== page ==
Llandudno’s lifeboat service began in 1861, with a boathouse near the railway station. The first coxswain, Hugh Jones, was a Great Orme copper miner. To call him to the lifeboat, his daughter would run to the mine and summon him by banging a stone against pipework at the top of the shaft. The pipes were for pumping water from the mines. The first lifeboat was a rowing boat named Sister's Memorial, launched using horses (pictured below).
The second coxswain, Edward Jones, died in 1887 from a cold he probably caught during the launch of the station’s new lifeboat. Two helpers, Robert Williams and Arthur Whalley, died in the 1890s after falling under the wheels of the carriage which took the lifeboat between the station and sea.
In 1903 a new boathouse was built in Lloyd Street, on a site chosen to facilitate the lifeboat’s launch from either the north or west shores of Llandudno. Five years later crew member John Williams died after severe exposure during a rescue.
Llandudno received its first motor lifeboat in 1933 and its first inshore lifeboat, a D Class boat, in 1965.
The Lloyd Street boathouse was modified in 1991 for the new all-weather Mersey Class lifeboat Andy Pearce (pictured above), which is hauled to the shore by a tractor as required.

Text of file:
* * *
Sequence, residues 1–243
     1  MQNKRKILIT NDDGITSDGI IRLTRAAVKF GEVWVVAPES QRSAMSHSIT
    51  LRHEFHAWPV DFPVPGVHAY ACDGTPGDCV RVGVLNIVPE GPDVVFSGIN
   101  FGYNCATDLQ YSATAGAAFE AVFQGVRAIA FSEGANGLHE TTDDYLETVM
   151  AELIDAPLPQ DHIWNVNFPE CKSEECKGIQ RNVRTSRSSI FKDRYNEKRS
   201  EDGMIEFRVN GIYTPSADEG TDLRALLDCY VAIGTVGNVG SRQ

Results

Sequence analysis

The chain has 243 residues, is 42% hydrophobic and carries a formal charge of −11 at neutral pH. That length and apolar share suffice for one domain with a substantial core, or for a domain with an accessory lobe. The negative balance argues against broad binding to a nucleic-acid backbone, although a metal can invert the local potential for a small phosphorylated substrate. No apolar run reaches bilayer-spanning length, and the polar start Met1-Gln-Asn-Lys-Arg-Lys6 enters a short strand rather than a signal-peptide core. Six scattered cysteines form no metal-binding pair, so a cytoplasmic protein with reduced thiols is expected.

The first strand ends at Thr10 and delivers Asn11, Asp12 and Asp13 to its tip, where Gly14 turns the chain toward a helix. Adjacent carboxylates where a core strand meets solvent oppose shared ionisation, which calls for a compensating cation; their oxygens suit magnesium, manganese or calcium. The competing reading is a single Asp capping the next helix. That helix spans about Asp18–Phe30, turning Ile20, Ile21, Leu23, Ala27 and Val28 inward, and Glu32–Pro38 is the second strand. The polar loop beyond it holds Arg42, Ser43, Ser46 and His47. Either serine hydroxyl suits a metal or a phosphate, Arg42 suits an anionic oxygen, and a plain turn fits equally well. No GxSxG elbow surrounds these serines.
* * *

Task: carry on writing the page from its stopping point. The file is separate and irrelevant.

Llandudno’s current inshore lifeboat is D Class lifeboat William Robert Saunderson. This is towed by a Land Rover to whichever launching point on the local coastline is to be utilised for the incident in question.
The lifeboat service in the UK is provided not by government but by the RNLI, a charity which relies on donations from the public. Since it was established in 1824, the RNLI is estimated to have saved c.140,000 lives. It employs some crew members but most, 40,000 in total, are volunteers who leave their work, families or beds whenever their lifeboat is needed.
FOOTNOTES: More Llandudno rescues
- 1919 - Bronze Medal for coxswain John Owen for rescuing two people from the schooner Ada Mary
- 1939 - HM Submarine Thetis sank near Moelfre with the loss of 99 lives. Only four crew survived. Llandudno lifeboat took a doctor to a ship assisting the salvage operation
- 1968 – Llandudno lifeboat fetched urgent insulin supplies when a group of wealthy American tourists was stuck on the powerless St Trillo as it drifted towards the Little Orme. Click here for this story.
- 1974 - The Thanks of the Institution Inscribed on Vellum to helmsman Robert Jones for the rescue of a person from a sailing dinghy grounded at the Little Orme
- 1990 – A Special Framed Certificate presented to the station for services during the Towyn floods (click here for this story). The crew helped more than 200 people to safety
- 1997 - A Framed Letter of Thanks to Craig Roberts, duty officer at the Conwy Marina office, for prompt action to rescue two people in the water
- 2012 - Llandudno lifeboat stood by in heavy seas when the coastal freighter MV Carrier was dashed against the shore at Llanddulas. Click here for this story